Rise believes that effective training of child welfare professionals must include the voices of parents. We work with partners to integrate our stories into training so that frontline caseworkers and supervisors, parent and child attorneys, and foster parents can more deeply understand parents’ perspectives. Rise staff also lead staff training on parents’ perspectives. Our newest initiative is a writing group for frontline foster care staff to share their experiences working with parents in order to improve frontline practice.
Check back next week for complete content on this page!
Last fall, Rise shared a draft of our Insights paper on frontline practice with child welfare agency leadership in New York City and convened a group of professionals, including a number of parent advocates, to consider how they might further the concepts and practices described in the paper.
This group mapped out the practices their agencies already have incorporated, detailing the planning, budget, staffing, supervision … Read More
Rise collaborated with CASA-NY to bring parents’ perspective into its training for CASA volunteers. Through observation of their training, Rise recommended adjustments to training content and offered quotes and stories to include in training materials and as handouts. Rise also developed a panel for CASA volunteers, presented in June, and had a parent leader speak at every CASA training.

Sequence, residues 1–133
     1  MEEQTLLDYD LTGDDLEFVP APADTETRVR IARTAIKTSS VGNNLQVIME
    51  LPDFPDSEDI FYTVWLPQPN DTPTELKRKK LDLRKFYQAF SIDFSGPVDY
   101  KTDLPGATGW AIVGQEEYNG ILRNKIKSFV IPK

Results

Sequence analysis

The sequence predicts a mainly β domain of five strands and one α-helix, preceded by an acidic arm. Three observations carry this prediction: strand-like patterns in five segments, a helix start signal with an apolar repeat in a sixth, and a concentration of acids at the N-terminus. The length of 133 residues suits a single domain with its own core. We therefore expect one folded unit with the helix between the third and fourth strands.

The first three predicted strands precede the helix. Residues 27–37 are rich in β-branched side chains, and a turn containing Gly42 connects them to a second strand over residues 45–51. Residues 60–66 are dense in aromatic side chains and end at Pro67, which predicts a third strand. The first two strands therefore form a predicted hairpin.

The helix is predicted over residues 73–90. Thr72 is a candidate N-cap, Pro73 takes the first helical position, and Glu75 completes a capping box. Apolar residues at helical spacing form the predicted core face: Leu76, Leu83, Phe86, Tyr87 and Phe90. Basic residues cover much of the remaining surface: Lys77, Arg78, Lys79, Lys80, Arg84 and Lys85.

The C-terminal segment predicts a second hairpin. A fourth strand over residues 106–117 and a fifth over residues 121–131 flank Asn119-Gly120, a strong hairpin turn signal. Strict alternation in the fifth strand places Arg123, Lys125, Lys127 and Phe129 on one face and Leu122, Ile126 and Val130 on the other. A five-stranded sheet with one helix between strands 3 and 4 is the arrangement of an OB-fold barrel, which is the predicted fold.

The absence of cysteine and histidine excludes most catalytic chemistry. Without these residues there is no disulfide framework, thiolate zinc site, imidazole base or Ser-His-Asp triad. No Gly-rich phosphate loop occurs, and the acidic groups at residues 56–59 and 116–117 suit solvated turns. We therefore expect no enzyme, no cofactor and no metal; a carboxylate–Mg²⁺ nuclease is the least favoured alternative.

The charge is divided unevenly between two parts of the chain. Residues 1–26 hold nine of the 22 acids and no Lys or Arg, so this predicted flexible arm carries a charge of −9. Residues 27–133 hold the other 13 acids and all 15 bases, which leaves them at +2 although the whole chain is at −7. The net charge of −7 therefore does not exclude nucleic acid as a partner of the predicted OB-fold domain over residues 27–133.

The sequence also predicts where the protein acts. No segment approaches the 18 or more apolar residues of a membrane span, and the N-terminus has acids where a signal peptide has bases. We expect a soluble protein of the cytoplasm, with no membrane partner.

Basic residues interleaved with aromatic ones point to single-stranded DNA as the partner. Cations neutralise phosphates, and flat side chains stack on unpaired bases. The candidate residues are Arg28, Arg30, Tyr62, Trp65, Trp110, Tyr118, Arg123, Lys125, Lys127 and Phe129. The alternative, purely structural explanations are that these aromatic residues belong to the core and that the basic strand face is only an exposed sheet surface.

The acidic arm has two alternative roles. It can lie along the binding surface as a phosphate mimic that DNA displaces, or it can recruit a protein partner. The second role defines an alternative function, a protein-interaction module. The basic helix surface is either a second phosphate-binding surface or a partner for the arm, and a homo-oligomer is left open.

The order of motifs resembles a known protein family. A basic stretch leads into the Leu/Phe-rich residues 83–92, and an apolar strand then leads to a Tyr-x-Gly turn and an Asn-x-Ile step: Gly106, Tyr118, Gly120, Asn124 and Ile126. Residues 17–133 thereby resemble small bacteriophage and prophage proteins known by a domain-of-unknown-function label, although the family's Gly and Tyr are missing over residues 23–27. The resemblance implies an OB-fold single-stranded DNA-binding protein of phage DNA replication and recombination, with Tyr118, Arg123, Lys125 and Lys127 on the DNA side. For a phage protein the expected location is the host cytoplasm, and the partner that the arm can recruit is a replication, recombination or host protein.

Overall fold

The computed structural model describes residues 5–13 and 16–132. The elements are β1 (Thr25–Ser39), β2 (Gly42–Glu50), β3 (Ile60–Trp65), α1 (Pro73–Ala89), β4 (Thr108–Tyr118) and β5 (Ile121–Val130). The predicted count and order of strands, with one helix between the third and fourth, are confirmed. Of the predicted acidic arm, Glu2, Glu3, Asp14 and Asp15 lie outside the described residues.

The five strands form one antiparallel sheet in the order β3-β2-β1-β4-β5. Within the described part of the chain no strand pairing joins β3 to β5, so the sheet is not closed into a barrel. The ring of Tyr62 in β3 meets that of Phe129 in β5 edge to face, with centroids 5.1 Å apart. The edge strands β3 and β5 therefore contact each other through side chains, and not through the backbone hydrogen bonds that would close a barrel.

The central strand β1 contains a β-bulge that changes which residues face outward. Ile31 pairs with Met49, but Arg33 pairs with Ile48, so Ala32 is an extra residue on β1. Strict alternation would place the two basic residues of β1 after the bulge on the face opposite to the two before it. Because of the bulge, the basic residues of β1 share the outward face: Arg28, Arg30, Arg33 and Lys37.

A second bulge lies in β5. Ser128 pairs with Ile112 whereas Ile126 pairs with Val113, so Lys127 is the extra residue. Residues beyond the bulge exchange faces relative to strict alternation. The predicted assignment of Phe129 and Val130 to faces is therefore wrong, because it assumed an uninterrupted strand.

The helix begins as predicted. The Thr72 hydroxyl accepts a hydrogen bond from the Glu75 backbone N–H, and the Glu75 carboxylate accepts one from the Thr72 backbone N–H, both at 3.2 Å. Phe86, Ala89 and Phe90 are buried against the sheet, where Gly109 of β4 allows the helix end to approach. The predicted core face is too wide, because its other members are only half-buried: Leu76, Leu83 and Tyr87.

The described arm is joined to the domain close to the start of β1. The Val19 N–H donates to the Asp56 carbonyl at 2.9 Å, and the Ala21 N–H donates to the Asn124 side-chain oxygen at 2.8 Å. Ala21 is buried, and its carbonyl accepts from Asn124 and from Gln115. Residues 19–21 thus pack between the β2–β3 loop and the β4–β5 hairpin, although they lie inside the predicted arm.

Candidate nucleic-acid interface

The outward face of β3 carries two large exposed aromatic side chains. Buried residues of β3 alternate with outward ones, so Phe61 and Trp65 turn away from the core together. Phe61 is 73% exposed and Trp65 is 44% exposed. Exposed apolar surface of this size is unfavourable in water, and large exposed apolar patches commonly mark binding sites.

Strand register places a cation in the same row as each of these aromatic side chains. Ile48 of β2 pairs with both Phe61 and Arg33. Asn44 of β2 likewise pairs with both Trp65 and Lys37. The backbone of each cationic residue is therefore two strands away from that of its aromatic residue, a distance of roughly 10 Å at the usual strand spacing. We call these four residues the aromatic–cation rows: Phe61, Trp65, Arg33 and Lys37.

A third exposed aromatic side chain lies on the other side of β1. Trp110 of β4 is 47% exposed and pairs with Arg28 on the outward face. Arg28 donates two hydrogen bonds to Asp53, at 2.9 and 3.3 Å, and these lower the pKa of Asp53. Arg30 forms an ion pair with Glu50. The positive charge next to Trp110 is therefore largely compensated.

New Rise Parent Advocate Leadership Group: To provide input on new trainings for child welfare professionals citywide, Rise will be gathering input from parent advocates and from parents with recent cases.
We are seeking up to 10 life-experienced Parent Advocates working in NYC foster care or legal agencies to join an advisory group on this project. Will meet for 20 hours in Jan/Feb, before or after work on a schedule determined by the group, with a … Read More
VIDEO: Parent-to-Parent TIPS for Supervised Visits
Parents come to foster care agencies experiencing not only the trauma of losing their child but also the confusion of navigating a complex system. Parents must:
• Keep track of appointments at multiple agencies and in court;
• Understand the roles and expectations of professionals in their case;
• Believe they can meet these expectations.
Research shows that stress affects our ability to think and plan. Giving parents information both verbally and in writing makes … Read More